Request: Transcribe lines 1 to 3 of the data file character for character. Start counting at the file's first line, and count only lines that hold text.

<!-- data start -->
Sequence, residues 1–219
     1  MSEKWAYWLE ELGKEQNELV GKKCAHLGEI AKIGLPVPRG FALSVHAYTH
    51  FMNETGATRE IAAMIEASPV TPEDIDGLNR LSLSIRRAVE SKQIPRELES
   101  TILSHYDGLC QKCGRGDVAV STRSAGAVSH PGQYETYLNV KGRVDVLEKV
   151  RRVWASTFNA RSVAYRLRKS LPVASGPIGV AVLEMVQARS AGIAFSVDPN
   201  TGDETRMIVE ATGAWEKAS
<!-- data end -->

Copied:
Sequence, residues 1–219
     1  MSEKWAYWLE ELGKEQNELV GKKCAHLGEI AKIGLPVPRG FALSVHAYTH
    51  FMNETGATRE IAAMIEASPV TPEDIDGLNR LSLSIRRAVE SKQIPRELES